OVER THE PAST 10 YEARS, Colette has emerged as an increasingly potent truth-teller, guide to judgment, sage. Her image, like her prose, is intensely narcissistic, though narcissistic in a gracious, self-revealing sense, autobiographical in essence, richly self-mythicized. And on every page that prose thinks out loud about how to live. "Be happy," the phrases rise up like maxims, "it is a way of being wise."

This revival has been inspired partly by feminism's ransacking of the past for models -- model heroines, thinkers, fighters, victims -- an essentially biographical enterprise enriched by the sense that these discoveries are being devoured by readers involved in a general transvaluation of consciousness. Virginia Woolf is an obvious example of this kind of model; so too is the exemplary failure -- think of Zelda Fitzgerald as described by Nancy Milford. But there has thus far been no biography of Colette, in either French or English, that meets anything like modern scholarly standards. The time is right -- it is perfect -- for the big book: the thumping, intensively researched, last biographical word.

Colette: Free and Fettered is not that book. To be sure, it is big: It goes on and on. But it is not even passably researched -- I can detect no significant new material at all. It is anything but thorough, only garrulous. And if its views become normative, Colette's reputation will have suffered a horrible setback.

The book is built on one frail notion which the author turns into a kind of ideological pump. Page after page the thing keeps dredging up its intellectual sludge. It claims to be feminist, though it serves neither feminism nor Colette. It is at least simple: Mem oppress, women seek freedom. Heterosexual women therefore are in trouble. On this, the author builds an ideology that is less feminist than a new version of a standard neo-primitivism and anti-intellectualism old as the dreary Rousseauistic hills. Men oppress, you see, because they are socialized, allienated from sensuality, and (horrible dictu!) intellectual. They therefore are obsessed with ego, power and control. Women, on the other hand, are rooted in a luscious, deep, autonomous sensuality anterior to mere mind. This gives them a liberty and fullness of being which the threatened half-dead male must repress.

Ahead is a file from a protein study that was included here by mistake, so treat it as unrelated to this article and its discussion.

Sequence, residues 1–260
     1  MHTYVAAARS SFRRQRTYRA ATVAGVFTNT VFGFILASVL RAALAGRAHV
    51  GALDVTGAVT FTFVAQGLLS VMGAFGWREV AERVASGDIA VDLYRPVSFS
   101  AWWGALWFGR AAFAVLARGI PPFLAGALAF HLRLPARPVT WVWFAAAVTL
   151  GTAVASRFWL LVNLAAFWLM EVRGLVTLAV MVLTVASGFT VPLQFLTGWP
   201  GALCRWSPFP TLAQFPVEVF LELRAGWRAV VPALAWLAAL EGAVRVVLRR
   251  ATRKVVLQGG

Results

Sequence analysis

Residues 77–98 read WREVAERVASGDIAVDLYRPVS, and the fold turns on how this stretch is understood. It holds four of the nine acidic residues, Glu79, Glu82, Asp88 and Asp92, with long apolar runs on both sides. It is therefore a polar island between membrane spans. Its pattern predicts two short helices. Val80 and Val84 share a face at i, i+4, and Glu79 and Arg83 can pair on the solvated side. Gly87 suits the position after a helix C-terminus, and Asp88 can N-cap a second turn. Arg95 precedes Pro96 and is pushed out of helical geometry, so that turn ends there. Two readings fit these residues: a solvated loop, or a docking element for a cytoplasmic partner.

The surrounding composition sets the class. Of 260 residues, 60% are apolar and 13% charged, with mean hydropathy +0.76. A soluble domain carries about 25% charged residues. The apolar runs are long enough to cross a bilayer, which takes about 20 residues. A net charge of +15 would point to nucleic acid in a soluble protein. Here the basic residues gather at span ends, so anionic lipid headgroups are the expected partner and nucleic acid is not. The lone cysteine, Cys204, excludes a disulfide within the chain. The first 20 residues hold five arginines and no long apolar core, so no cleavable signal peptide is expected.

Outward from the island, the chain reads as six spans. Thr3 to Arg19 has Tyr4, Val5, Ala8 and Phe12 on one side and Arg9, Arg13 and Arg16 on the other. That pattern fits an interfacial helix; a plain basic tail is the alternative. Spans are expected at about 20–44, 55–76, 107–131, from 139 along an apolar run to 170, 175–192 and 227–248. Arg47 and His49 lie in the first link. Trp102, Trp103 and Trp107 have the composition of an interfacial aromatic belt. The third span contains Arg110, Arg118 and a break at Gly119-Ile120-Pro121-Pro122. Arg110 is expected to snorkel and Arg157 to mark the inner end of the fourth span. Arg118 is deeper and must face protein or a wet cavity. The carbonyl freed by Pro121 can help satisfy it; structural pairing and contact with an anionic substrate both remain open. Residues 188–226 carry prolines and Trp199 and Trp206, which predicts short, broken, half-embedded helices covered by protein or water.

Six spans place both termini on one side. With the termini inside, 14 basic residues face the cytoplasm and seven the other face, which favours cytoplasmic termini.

It is, in short, the Noble Savage repackaged as Woman. How serious feminist thinkers will deal with this chestnut I cannot imagine, but feminism apart, it is perennial occasion for bad thinking, paranoia and falsehood. Not to mention insult. The male is senseless; the female, mindless. One hardly knows which sex is here the more affronted and demeaned.

Unluckily for her, Collete looks like the ideal patsy for such a view. She is a great woman whose prose is highly sensuous and nowhere rigorously discursive. Better, her life involved a very visible saga of self-definition within the struggle of the sexes. This, of course, has the author's attention, at the expense of everything else.

Colette was indeed oppressed (though launched) by marriage at 20 to a celebrated hack journalist and all-round literary fraud of the belle epoque named Willy, who got Colette to write her first books, the Claudine series, and when they proved commercial, signed them with his own name. After 12 years, Colette escaped, later proved the books' true authorship, and eventually wrote a hardheaded, just, by no means joyless book about it: My Apprenticeships. After leaving Willy, she settled into a consoling period of lesbian respite with a noted aristocrat, the Marquise de Belbeuf -- or, as she was known "Missy" -- which ended when Colette married Henry de Jouvenel, an editor and politician, with whom she had her single daughter. (She bore the child at 40, nine months exactly after her own mother's death.) The marriage ended in divorce; he was unfaithful, their careers, both going into high gear, drew them apart. Colette's last marriage was to a dutiful journalist named Maurice Goudeket. It proved tranquil and permanent.